Hackers’ strategies come in all shapes and sizes. This is true for both ethical and malicious hackers. Ethical hackers exploit computer system weaknesses to patch vulnerabilities and better secure the system. Malicious hackers do the same, but instead of fixing vulnerabilities, they exploit them for nefarious purposes.
Regardless of shade, hackers work in two ways.
The first category of hackers use code that has been written by someone else and is available online. These hackers do not have much programming expertise, so they download malicious software or scripts to launch an attack. They don’t understand the inner workings of computer networking or of software, so they rely on other hackers’ technological expertise.. These types of hackers are often referred to as script kiddies.
Script kiddies often target the gaming community to send off a DDoS (Denial-of-Service) attack on a game or vandalize the IRC (Internet Relay Chat) channel to disrupt group discussion. These attacks can be easily defended by keeping your computer hardware and software up to date with the most recent patches and updates.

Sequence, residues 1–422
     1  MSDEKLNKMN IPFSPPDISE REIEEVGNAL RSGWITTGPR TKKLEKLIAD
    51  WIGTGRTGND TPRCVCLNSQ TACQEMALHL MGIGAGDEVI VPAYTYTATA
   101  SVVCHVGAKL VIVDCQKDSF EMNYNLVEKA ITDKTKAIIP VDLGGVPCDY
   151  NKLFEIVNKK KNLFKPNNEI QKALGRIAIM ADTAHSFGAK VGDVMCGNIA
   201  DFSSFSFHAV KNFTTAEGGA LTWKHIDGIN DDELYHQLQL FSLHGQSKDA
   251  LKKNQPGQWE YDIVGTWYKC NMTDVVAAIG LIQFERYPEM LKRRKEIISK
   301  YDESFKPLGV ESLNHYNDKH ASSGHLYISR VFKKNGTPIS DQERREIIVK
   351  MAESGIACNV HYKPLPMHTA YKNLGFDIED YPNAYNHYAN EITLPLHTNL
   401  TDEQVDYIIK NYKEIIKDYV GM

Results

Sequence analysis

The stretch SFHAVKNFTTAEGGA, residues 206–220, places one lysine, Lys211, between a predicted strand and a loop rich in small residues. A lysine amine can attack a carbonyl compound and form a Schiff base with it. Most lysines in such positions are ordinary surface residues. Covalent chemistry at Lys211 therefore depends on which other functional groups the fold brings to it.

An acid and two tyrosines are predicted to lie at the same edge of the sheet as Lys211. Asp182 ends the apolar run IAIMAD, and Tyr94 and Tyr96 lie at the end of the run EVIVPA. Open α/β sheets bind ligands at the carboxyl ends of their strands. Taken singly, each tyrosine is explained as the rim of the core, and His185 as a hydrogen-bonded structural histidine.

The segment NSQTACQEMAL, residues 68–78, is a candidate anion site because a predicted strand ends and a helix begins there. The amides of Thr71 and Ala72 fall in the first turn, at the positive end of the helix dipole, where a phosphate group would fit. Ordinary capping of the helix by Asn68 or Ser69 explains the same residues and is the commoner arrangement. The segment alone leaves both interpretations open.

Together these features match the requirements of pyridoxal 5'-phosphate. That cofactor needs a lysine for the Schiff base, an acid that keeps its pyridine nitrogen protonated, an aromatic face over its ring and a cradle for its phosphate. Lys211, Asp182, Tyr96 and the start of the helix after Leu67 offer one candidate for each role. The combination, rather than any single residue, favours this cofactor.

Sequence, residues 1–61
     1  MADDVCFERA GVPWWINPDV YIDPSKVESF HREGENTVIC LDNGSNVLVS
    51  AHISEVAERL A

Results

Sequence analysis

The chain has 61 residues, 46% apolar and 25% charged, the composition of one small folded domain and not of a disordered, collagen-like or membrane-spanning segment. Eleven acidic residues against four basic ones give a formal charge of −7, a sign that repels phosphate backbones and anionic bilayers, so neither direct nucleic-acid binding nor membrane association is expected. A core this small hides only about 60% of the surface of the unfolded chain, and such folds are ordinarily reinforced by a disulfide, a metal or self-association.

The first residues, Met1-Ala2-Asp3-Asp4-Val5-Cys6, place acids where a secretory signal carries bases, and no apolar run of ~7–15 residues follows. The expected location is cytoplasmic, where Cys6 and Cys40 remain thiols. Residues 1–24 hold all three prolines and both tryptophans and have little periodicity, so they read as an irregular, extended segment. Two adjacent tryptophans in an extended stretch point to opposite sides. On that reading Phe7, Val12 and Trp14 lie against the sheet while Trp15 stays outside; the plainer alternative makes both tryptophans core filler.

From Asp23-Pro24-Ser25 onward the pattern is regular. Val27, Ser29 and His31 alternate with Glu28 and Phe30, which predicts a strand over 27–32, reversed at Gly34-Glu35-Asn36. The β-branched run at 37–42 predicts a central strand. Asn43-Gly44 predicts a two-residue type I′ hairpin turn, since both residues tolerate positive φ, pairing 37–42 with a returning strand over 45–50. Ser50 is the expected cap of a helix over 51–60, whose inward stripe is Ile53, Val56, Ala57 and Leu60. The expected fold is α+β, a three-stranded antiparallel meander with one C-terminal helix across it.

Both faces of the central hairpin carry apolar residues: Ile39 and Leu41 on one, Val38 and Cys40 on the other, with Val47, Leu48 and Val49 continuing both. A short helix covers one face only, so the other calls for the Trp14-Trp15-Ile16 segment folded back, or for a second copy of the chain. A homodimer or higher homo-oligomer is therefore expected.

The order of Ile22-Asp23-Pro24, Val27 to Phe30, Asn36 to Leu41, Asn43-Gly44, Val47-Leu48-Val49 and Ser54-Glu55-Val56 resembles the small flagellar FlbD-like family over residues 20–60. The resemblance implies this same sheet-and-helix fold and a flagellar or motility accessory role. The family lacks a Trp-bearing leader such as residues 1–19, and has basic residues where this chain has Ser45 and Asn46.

The second category of hackers look for zero-day vulnerabilities that are often left unnoticed for a period of time. Zero-day vulnerabilities are loopholes in a system that have been discovered but not yet patched.
Zero-day hackers are highly skilled and smart. They craft their own hacking tools and take time doing it so they are on target when they launch the attack. The attacks are often carried out on national
The Heartbleed attack in 2014 is a classic example of a zero-day exploit. It affected Linux servers and websites that use OpenSSL, such as Facebook, Dropbox and online banking.
Devices vulnerable to hacking
The list of vulnerable devices includes more than just your
Hackers are now able to hack some of the most sophisticated